Fred C. Miller (Arlene
Tyne r), 27530 Arlington,
Southfield, a daughter, Dana
Nicole.

*

* *

Aug. 26—To Mr. and Mrs.
Maurice Miller (Shelley Che-
rin), 1668 Graefield, Birming-
ham, a son, Blake Emory.

ally exist in Egypt, but every
foreign correspondent knows
that a censor is the first per-
son to read his story on its
way out of the country. A
major problem for foreign
correspondents in Cairo is the
lack of access to officials.
"In Israel, news concern-
ing military security, army,
oil and some stories of the oc-
cupation of Arab territory re-
mained on the military cen-
sorship list. But there were
signs that the rules were be-
ing relaxed."

Gaza ArabS -
See Progress

Correspondents around the
world are reporting on pro-
gress among the Arabs liv-
ing in the Gaza Strip.

Citrus production has in-
creased by 20-30 per cent
since 1967. Dr. Fahami Turk,
local Arab director of citrus
production in the Gaza De-
partment of Agriculture, said
that widespread spraying has
helped to eliminate insects
and diseases. A newly tarred
road in Gaza passes through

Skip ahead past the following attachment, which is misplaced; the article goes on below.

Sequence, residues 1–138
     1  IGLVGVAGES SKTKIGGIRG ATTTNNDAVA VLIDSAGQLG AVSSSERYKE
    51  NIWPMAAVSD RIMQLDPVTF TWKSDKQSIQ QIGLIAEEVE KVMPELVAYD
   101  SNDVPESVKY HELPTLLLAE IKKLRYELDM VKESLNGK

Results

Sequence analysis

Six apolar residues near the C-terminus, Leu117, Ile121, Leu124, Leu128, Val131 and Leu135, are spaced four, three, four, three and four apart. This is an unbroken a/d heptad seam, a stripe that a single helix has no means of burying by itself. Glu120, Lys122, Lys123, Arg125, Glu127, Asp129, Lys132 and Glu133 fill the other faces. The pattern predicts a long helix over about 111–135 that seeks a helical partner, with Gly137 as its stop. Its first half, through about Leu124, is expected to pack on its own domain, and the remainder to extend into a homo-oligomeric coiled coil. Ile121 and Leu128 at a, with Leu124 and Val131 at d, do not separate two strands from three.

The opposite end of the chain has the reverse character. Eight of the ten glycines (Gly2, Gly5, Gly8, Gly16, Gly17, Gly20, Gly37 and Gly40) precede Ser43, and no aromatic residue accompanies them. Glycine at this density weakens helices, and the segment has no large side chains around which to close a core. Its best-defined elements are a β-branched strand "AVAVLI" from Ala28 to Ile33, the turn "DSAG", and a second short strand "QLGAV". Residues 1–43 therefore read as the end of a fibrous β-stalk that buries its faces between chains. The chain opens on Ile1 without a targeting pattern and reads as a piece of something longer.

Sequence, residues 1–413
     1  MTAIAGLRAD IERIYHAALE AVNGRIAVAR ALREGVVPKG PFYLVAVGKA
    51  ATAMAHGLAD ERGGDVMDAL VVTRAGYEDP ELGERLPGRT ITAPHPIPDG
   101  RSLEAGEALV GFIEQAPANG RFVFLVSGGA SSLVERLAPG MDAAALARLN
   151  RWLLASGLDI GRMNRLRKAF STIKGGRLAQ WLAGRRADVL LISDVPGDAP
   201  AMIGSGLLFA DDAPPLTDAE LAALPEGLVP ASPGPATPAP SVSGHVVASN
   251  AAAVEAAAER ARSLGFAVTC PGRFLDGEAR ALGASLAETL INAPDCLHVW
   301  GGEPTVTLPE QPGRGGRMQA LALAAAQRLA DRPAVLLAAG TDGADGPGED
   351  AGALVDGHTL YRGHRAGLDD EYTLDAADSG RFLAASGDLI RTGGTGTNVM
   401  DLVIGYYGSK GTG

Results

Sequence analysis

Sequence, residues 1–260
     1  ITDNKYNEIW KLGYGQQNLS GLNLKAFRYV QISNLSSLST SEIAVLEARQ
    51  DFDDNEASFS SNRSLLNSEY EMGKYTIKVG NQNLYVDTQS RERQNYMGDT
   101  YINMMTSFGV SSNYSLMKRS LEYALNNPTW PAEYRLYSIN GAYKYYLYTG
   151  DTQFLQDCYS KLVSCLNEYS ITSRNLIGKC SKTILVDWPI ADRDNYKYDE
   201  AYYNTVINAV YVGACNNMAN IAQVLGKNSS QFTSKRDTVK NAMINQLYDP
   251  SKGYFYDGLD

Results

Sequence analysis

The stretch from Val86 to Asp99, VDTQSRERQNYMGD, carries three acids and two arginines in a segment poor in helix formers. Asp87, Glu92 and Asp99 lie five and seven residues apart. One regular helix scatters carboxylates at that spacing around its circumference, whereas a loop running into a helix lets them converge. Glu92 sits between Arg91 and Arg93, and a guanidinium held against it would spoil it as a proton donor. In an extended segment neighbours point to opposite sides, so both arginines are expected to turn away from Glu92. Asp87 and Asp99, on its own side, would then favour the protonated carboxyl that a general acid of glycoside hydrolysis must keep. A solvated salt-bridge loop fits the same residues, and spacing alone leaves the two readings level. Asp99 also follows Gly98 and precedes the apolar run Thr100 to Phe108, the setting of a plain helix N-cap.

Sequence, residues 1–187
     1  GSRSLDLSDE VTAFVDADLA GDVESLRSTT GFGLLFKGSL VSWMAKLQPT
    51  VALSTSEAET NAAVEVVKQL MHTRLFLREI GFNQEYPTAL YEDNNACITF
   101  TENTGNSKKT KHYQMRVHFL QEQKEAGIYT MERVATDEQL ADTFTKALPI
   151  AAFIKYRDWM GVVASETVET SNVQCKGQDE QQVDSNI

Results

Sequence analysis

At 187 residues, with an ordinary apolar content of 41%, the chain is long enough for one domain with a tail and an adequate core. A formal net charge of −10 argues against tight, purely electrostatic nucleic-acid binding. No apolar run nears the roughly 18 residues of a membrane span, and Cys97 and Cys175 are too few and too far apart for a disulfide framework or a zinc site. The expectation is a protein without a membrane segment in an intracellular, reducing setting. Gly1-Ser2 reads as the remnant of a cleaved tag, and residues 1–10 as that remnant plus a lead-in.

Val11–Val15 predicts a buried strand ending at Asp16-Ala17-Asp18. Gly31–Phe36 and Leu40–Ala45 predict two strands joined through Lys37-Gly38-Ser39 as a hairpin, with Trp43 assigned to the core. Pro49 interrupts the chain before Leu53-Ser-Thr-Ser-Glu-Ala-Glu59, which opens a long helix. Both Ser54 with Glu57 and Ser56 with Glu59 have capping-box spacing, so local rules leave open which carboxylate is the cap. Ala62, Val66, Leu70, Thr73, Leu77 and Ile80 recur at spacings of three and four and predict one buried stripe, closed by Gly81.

orchards and vegetable plan-
tations.

The Times of Malta cor-
respondent said that Arabs
have built three new packing
houses for the area.

Movie theaters closed after
the Six-Day War have been
opened, and the Gaza foot-
ball team has reorganized,
reports the Sydney Morning
Herald. A mobile van tours
refugee camps showing films
for children.

About 20,000 Arabs cross
into Israel to work each day,
5,000 of them to Tel Aviv.
The number of workers com-
ing into Israel to work has
increased because bomb at-
tacks on labor offices and
workers' buses stopped. The
workers receive about IL17
to 20 (about $5) a day, and
skilled laborers earn about
IL50 (about $12) per day, re-
ports the Voiksgazet of Brus-
sels.

The standard of living has
risen, and the population